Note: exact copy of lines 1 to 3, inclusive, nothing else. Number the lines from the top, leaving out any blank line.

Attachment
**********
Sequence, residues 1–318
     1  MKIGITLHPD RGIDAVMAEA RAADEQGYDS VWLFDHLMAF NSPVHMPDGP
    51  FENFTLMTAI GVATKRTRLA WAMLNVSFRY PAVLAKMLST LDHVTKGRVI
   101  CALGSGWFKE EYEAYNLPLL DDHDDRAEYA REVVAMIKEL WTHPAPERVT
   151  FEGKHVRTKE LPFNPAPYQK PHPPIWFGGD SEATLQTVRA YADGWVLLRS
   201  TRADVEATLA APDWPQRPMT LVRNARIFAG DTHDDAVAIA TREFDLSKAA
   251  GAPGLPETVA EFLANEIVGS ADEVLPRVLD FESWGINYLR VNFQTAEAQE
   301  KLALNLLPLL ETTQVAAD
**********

Sequence, residues 1–318
     1  MKIGITLHPD RGIDAVMAEA RAADEQGYDS VWLFDHLMAF NSPVHMPDGP
    51  FENFTLMTAI GVATKRTRLA WAMLNVSFRY PAVLAKMLST LDHVTKGRVI